But we are getting our two pennies worth in, slowly working our thoughts and weaving doubt into his solid logic that he’s so unvalued and worthless. Opening up the idea that maybe he’s not, or at least not all the time. Perhaps he could be liked as himself, and appreciated and valued. And that these things we do aren’t empty “we have to do them” gestures, but instead active, willed and conscious choices.

It’s only a slither of door that’s opened, but that slither shows that there is hope, that perhaps if we keep trying, one day we could open up that world of possibilities to him. Perhaps he could feel comfortable in his own skin. If he achieves nothing else, this is the thing I most want for him. I’m exhausted watching him trying to be what he thinks everyone else wants him to be (often he’s incorrect and ends up geting it totally wrong). And more importantly, watching people respond in a way that further reinforces his incorrect idea of this being the way to behave. It increases his thoughts of not being worthy and says that he should be someone else to please others.

Where’s that magic wand???

 

Triggers: small and misread

Caitlin was at craft club at our Gym. She fell over, and bumped her head. They checked her over and saw she was ok, physcially, but they aren’t aware of the mental implications. Caitlin withdraws in times of anxious-ness, so instead of crying and showing she’s hurt or worried, instead of saying she needed to go to Mumma or Daddy, instead of saying she feels she needs comfort, she holds it in.

This is what happened at craft club. She held it in. She didn’t get the comfort she needed, Mumma always gives her arnica for a bumped head – this is a sign she’s being looked after and being kept safe. This is not a “normal” response for places like the gym, so naturally she didn’t get it. To her this felt like neglect. She’s only recently learned how to protect herself when falling (arms out). So when she falls, she gets super worked up inside (like someone is trying to hurt her), she needs to be comforted and talked back around from this.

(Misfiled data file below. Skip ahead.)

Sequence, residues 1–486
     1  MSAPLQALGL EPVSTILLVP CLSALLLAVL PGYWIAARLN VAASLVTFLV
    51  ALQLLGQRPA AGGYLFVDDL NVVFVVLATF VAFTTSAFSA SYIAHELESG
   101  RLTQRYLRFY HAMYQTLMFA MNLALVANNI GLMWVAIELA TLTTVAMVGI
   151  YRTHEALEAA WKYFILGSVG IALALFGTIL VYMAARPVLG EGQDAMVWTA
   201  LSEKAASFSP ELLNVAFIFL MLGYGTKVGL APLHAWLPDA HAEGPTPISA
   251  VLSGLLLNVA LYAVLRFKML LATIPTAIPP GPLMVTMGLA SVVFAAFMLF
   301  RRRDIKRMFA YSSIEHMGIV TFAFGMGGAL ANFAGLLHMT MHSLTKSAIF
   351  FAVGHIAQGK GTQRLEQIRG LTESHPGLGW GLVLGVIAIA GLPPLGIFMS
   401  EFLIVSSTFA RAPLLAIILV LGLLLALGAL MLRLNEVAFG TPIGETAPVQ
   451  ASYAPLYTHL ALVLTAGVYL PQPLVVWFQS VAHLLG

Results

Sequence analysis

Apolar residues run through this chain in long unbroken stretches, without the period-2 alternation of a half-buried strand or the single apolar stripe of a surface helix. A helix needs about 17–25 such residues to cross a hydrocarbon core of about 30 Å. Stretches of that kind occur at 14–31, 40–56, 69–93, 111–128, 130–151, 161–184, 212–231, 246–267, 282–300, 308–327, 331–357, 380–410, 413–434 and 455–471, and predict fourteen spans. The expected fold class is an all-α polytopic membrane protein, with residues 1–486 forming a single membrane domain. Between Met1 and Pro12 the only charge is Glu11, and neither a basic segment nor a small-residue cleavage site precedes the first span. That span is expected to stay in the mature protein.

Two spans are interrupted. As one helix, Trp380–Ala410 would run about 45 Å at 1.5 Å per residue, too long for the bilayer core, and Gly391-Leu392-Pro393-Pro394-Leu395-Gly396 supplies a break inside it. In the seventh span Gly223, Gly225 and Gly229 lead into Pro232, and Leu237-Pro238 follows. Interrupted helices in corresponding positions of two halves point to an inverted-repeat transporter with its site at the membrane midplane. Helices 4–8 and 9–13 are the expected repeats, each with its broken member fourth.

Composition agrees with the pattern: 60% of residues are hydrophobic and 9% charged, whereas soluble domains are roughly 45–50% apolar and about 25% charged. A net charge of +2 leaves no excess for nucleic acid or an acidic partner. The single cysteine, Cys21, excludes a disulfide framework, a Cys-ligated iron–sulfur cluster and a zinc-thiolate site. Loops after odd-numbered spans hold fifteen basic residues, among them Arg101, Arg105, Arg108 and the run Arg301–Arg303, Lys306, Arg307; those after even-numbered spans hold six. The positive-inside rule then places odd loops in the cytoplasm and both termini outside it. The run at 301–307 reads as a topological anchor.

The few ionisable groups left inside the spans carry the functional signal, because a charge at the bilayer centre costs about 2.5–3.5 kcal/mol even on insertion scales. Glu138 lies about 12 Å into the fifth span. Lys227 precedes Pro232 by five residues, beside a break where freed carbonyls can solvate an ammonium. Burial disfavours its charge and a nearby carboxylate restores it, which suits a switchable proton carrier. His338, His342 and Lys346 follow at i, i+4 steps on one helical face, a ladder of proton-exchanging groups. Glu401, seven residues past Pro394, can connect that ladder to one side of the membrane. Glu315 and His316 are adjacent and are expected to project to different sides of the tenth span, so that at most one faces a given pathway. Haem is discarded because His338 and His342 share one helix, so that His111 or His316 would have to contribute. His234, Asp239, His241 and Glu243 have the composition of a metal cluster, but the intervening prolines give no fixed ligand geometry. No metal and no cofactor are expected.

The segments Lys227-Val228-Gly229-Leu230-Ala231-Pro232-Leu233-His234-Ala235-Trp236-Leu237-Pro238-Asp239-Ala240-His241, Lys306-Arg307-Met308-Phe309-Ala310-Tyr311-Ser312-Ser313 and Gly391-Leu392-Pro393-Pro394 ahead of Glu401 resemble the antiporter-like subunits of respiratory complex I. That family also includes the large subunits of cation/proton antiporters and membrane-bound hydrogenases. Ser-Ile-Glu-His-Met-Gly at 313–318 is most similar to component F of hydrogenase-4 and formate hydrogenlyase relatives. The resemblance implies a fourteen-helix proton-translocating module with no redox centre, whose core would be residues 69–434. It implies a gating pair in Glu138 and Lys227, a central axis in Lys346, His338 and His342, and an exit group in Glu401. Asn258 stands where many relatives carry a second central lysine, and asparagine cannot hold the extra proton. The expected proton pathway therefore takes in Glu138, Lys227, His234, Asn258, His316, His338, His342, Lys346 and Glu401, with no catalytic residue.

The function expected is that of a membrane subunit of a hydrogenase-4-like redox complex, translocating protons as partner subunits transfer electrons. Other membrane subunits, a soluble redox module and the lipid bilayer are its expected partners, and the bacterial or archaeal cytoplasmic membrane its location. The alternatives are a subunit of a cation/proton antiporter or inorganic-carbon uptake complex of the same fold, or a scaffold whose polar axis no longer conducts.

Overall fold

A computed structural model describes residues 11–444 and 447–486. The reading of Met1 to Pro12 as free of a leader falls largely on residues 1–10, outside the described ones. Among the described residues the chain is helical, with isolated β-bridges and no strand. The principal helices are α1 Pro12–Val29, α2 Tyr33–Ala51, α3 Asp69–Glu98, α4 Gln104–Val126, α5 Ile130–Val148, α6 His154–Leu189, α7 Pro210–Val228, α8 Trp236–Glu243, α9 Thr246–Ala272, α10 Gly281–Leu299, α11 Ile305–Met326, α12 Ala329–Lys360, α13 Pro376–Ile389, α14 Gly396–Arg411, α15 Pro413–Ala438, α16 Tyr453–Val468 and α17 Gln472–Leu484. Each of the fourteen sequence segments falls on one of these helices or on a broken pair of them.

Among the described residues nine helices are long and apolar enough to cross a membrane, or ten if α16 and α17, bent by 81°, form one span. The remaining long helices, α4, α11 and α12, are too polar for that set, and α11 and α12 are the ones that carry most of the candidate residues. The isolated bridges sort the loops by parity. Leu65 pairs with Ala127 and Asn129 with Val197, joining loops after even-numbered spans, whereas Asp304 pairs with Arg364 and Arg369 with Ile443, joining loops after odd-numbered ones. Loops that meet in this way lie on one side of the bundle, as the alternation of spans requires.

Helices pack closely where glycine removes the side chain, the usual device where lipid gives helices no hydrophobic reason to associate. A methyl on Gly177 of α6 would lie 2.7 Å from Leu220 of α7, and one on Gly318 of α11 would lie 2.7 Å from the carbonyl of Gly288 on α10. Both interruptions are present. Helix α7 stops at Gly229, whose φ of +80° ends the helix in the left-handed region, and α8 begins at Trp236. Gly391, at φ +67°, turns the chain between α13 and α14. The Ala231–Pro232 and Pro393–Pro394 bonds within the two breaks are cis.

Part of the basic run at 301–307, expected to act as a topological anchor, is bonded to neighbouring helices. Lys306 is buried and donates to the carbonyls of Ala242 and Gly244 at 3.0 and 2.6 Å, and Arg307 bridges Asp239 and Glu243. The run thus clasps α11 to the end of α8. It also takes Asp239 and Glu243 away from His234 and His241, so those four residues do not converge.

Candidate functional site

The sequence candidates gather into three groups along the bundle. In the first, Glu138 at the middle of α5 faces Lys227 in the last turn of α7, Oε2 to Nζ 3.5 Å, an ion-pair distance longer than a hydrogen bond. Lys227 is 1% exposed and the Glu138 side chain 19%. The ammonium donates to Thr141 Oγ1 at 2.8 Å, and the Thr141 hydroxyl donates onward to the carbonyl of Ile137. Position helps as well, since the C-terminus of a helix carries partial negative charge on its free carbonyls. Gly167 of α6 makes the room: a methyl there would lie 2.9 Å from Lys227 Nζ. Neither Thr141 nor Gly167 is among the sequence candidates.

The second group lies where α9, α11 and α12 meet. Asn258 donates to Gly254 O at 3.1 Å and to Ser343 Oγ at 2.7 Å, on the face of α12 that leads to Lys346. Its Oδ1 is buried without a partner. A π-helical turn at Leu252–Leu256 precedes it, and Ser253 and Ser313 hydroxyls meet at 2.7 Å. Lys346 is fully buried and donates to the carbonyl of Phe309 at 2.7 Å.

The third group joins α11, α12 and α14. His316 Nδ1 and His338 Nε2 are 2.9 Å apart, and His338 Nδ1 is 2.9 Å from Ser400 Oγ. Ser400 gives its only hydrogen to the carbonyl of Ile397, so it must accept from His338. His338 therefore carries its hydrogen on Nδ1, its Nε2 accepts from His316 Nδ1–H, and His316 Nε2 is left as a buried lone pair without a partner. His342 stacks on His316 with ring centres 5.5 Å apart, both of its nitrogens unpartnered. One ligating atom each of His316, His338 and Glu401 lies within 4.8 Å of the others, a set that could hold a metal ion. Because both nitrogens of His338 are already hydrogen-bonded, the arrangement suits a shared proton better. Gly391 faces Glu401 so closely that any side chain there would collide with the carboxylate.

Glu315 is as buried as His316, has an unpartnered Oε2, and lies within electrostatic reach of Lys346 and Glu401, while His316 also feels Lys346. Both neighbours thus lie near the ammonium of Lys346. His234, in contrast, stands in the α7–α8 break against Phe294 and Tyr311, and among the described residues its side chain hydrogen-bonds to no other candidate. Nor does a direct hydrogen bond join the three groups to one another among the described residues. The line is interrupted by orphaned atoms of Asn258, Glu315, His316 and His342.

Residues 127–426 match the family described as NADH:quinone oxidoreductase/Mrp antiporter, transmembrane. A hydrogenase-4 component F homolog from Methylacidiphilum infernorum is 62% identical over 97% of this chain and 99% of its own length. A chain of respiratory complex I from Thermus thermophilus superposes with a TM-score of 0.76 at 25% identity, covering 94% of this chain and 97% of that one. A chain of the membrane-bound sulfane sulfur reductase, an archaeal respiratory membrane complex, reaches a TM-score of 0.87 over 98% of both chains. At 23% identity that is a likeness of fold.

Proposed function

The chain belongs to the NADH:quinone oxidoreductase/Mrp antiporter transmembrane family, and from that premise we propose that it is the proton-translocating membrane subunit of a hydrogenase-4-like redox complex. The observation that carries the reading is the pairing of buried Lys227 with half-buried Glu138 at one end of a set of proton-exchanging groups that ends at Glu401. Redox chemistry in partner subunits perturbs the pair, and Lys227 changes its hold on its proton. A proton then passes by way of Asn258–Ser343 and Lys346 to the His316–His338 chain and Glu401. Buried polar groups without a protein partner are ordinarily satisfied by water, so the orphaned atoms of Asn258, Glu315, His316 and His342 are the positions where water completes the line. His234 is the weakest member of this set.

Now, I am not writing this to bash the gym in the slightest; without producing a binder of “Caitlin psychology” I am not possibly going to be able to cover every action/reaction/consequence with them. Instead to highlight how easy it easy to not see what’s really going on, and what the consequence of that is.

So onward to the consequences…

By the time she got home, she was frantic. It was actually Daddy Bruce who’d taken her to the gym – Mumma had stayed at home to do some work. Daddy Bruce and Caitlin still have some patches in their relationship (due to some of the issues of Caitlin’s past) so when she’s at her most anxious it’s only Mumma that can console her and bring that anxiety back down. They had been due to stay for a play in the soft play afterwards, but that couldn’t happen, Bruce could see there was no point so he’d headed straight home.

Some arnica and some rescue remedy later and she was calm enough to have cuddles, but at this point needed to feel the nurture, care and safety she required right down to the core. I asked her what would help and threw some suggestions out there. The response was effectively to become a baby; a bottle of warm milk, some cuddles with Mumma, a blanky, a nappy and some time. She was extremely clingy for a few hours, but once she could settle her mind back into feeling safe and cared for, all was good.